THE REAL CIRCLE OF SYMMACHUS
“It was through their devotion to classical culture that the senatorial aristocracy made their most vital contribution to the life of the Later Roman Empire.” So J. A. McGeachy in his sober and careful study of Symmachus (1942), a verdict that was already traditional and has not been seriously challenged since: aristocrats were men of letters who delighted to spend their leisure in study, correcting and annotating manuscripts, listening to philosophers, writing poetry or history. Naturally, most of these aristocratic litterateurs were pagans; their paganism and their enthusiasm for classical culture lent each other mutual support.1
This is surely a most surprising claim. A cultural movement spearheaded by the aristocracy of Rome? The very idea of any substantial part of aristocratic society in any age devoting its leisure to scholarship will astonish anyone familiar with the private life of the animal down the millennia.2 Above all, aristocrats cut off (as Symmachus and his peers were) from their hereditary role as masters of the universe.3 European aristocrats in the early twentieth century divided their time between hunting and shooting on their estates and the cafés, casinos, and spas of Biarritz, Cannes, and Monte Carlo. In a wide-ranging study of early medieval aristocracies, Wickham has recently remarked that “this emphasis on a literary lifestyle is unusual among aristocracies.”4 Is it really credible that late Roman aristocrats turned to a life of literature and scholarship?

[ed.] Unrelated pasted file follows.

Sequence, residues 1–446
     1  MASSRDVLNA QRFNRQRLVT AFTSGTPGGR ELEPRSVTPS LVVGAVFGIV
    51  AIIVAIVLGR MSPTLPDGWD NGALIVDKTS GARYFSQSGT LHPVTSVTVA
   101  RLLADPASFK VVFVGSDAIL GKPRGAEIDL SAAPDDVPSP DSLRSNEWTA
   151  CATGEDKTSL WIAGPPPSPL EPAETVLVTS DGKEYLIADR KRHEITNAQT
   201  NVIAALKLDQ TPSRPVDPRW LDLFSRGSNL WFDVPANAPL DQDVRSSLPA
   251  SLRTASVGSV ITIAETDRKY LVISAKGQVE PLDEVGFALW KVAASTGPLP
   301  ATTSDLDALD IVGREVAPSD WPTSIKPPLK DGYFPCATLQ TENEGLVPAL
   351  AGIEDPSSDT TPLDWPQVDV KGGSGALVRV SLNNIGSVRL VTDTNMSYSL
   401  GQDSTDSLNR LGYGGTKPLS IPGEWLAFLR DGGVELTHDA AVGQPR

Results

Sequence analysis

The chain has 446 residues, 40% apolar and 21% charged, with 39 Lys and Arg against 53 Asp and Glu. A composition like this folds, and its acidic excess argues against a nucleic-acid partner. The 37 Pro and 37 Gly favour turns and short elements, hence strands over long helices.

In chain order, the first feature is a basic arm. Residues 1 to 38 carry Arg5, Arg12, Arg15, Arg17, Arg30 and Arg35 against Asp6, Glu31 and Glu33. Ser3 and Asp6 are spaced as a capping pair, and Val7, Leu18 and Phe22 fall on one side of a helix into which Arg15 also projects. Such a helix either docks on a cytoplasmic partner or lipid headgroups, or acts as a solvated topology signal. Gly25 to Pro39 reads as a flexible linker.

Lommatzsch, who practically invented the idea, was more aware of the paradox than those who have embellished it since.5 At no time during the long centuries of the Republic and early empire did the aristocracy of Rome either take much interest or achieve any distinction in literature or scholarship. All the household names come from outside this charmed circle: Ennius and Terence, Cicero and Catullus, Vergil and
1. McGeachy 1942, 153; for an emphatic statement, Chastagnol 1992, 336.
2. “Historians have not in the main been much impressed by standards of aristocratic learning. It may be that members of a hereditary elite are less likely than ambitious newcomers to gravitate to the forefront of intellectual enquiry,” Jonathan Powis, Aristocracy (Oxford 1984), 45.
3. Fourth-century aristocrats exercised considerable power in virtue of their extensive estates, and some continued to hold a restricted range of offices, but they no longer had any hereditary entitlement to the highest offices of state.
4. Wickham 2005, 153–258 at 158.
5. Lommatzsch 1904, 185.